Saturday, March 2, 2013

Excerpt from Never Mock God: An Unauthorized Investigation into Paranormal State's "I Am Six" Case

By Kirby Robinson
Below you can read part of Chapter 3 -- Even a Bad Story Has a Beginning


"I'm a con artist in that I'm an actor. I make people believe something is real when they know perfectly well it isn't."  John Lithgow

"The greatest friend of con artists is lack of knowledge." Jane King

In the beginning there was a student at Penn State … his name was Ryan Buell, a wide-eyed journalism major who had a lifelong interest in all things paranormal due to having odd experiences as a child [which have never been identified]. As a freshman, he founded Penn State Paranormal Research Society [PSPRS]. It was a student organization that aimed to bring together fellow students who shared the same interest in the paranormal field. They participated in some investigations that garnered the team local and national news coverage. Soon they began receiving interest from TV production companies in being featured in a para-reality series. After several failed attempts, Ryan was ready to walk away from the paranormal field until he and his team got an offer for a show that eventually was called Paranormal State.  You can read Ryan's book, Paranormal State: My Journey into the Unknown, where he goes into detail about his struggles to get a show. His intense search for a TV outlet leads us to ask if this was the real reason behind PSPRS? Later, the group's name was changed to PRS as Penn State broke ties with the group due to lack of interest from the student body.

The show aired on A&E for 5 seasons from 2008-2011. The audience was told that due to such a heavy volume of cries for help, PRS only responded to the worst of cases. According to former and current PRS members, they never had loads of cases being sent to them. Yes, they received many questions about ghosts and hauntings and such, but few asked for the team to come to their home. In order to get cases for the show, they depended on producers going out and finding them. The M. family in Quincy's now infamous "I Am Six" case was a referral from Commonwealth Paranormal located in Morehead, Kentucky.

Lara M is the oldest and only daughter of Bob [James] and Barbara. She was in the final stage of her college education when she was given a severe medical diagnosis, causing her move back home. There, she claims that weird things were taking place within the home. To figure out what's going on, she does an EVP session. For those of you not in the paranormal field, an EVP is an Electrical Voice Pattern. These are picked up by any audio recording device. You ask a question, hit RECORD, and wait a few minutes. Then you ask something else … and wait. Usually you receive very short snippets of audio. The whole concept is very controversial and many wonder if you're hearing what you want to hear or are you just picking up an audio signal from someplace? Controversy also revolves around noises being faked by the investigator. According to the Christian view, the noises you get from any EVP are nothing more than a demon playing tricks on the investigator.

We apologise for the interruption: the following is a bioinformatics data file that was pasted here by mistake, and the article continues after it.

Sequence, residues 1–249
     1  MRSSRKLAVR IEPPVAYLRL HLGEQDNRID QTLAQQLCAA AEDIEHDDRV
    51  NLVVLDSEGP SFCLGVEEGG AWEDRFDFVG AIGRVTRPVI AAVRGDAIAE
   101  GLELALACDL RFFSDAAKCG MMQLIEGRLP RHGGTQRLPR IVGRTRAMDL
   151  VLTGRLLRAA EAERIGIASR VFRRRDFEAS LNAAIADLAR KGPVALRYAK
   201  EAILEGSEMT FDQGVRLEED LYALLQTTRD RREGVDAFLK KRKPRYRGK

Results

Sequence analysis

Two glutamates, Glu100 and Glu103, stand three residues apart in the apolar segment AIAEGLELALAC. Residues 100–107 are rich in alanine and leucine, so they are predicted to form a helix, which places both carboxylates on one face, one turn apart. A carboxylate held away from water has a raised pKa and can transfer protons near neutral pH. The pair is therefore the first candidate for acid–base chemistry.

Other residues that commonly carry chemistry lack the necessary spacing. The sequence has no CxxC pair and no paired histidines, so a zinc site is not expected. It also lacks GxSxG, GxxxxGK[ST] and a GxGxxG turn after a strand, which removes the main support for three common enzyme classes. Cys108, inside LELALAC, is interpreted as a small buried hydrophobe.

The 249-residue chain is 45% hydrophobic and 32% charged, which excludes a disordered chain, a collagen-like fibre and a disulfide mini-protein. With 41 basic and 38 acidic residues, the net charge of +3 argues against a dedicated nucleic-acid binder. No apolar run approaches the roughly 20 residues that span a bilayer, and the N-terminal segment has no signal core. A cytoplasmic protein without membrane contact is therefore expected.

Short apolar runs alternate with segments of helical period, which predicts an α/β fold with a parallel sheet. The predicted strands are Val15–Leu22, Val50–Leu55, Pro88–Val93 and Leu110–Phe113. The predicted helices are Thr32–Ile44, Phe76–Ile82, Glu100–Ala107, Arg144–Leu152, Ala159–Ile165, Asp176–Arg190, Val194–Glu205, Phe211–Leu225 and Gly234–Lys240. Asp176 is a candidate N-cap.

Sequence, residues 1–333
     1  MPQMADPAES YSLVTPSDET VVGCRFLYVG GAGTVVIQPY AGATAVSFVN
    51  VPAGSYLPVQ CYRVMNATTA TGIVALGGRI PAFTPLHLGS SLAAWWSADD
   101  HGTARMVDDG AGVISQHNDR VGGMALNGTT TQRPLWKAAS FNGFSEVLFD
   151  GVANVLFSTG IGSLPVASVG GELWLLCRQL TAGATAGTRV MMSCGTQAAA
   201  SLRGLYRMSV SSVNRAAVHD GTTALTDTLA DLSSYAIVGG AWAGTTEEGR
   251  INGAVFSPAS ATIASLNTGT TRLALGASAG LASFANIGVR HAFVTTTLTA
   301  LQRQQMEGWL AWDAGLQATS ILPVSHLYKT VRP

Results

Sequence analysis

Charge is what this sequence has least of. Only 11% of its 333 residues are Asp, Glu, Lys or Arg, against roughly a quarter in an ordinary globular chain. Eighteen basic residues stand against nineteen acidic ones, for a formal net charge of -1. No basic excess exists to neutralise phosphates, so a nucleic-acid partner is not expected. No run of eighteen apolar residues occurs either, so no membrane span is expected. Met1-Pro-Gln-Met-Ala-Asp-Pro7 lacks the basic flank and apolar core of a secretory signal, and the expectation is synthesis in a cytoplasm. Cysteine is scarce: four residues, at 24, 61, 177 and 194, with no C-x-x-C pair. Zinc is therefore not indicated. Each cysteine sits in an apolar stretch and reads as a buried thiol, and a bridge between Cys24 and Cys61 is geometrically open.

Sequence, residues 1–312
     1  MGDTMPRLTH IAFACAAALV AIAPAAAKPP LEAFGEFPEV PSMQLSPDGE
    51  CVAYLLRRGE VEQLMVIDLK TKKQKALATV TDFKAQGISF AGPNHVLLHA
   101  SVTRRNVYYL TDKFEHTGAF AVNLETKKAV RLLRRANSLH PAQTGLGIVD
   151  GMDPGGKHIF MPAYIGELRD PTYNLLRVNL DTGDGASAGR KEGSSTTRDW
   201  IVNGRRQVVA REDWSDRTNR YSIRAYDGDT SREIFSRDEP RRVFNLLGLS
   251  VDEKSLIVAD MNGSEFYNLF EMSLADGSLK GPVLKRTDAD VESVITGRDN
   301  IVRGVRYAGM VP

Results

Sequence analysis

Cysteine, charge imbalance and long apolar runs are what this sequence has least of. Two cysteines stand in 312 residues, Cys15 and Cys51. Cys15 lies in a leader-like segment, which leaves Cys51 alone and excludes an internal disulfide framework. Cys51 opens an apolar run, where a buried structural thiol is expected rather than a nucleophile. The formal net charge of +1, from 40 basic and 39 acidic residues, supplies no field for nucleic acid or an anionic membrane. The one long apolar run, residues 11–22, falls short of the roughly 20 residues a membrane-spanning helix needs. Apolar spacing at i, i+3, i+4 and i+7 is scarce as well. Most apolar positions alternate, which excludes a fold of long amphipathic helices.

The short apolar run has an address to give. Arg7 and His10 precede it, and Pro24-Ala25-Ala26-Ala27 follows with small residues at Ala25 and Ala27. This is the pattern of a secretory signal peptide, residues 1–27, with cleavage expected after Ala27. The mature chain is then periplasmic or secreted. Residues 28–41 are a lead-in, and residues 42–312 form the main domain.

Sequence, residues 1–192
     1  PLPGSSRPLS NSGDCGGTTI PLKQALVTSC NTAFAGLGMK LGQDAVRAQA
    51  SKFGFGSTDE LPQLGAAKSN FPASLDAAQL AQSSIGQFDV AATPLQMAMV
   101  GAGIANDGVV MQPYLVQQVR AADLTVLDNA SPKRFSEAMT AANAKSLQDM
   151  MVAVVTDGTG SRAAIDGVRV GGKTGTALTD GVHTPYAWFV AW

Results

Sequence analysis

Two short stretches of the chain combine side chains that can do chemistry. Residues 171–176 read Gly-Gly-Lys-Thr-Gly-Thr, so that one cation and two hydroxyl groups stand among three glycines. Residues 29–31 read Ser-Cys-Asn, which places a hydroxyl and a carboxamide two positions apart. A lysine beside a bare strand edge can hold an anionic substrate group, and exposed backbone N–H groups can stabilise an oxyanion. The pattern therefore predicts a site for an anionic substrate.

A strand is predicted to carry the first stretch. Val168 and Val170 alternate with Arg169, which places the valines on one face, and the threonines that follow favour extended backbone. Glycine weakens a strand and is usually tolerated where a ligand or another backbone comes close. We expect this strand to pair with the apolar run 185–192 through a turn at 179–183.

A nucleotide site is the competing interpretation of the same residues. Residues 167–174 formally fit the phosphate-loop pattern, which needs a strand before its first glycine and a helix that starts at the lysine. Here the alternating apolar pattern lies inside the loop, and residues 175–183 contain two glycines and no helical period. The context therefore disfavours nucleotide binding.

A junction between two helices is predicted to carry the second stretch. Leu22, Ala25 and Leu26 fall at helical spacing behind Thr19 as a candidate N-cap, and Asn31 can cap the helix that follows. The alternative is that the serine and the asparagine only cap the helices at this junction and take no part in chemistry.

Lara also played with an Ouija board [PRS calls them spirit boards]. Even though Ouija boards have been around for more than a century, there is a lot of controversy surrounding them. Those with proper training will use them with caution, but those who think they're a game might end up in severe spiritual trouble. Trying to contact the dead can result in getting any wayward spirit or demon. If used by a single person, it's difficult to validate what you can encounter. Some think that even using a Ouija board opens you up to demonic activity.

People laugh at this sort of thinking and will brush it off by saying that they've used the board many times and nothing bad ever happened to them. That argument can be countered that there are those who drink and drive countless times without any type of mishap, no wrecks, no arrests, everything is cool … yet there are some who do it once and end up dead or in jail.

Playing with such a device is like taking a loaded gun and playing Russian roulette. You might do it all your life and nothing happens yet that one time you might get a demon, and, if you do and are ignorant or careless enough to invite it in, you have given it a legal spiritual right to be in your home. By doing this you have one lonely demon who wants the company of his kind. So by opening the door, it gets pushed wider and wider until there are many others that have occupied your home and, of course, your life. This type of demonic entry point is very common and well known so if one wants to plant the idea of demons in the house you bring up the subject of demons.

The M family doesn't having a background in demonology and/or the paranormal. When we get into the break down of the episode, we'll take a closer look at the M family and Lara's claims of demon activity. Initially, they try to deal with it on their own but nothing works, so they contact some paranormal groups who wish to remain nameless. They find nothing and suggest that the family might look into to some help for Lara from a therapist. [She was under the care of one.]

The family even turned to the church seeking help. The church did an investigation into the matter and found no evidence to move forward with the case.

There were no answers, until representatives from the Kentucky-based group, Commonwealth Paranormal, drove up to the M house to look into the matter.


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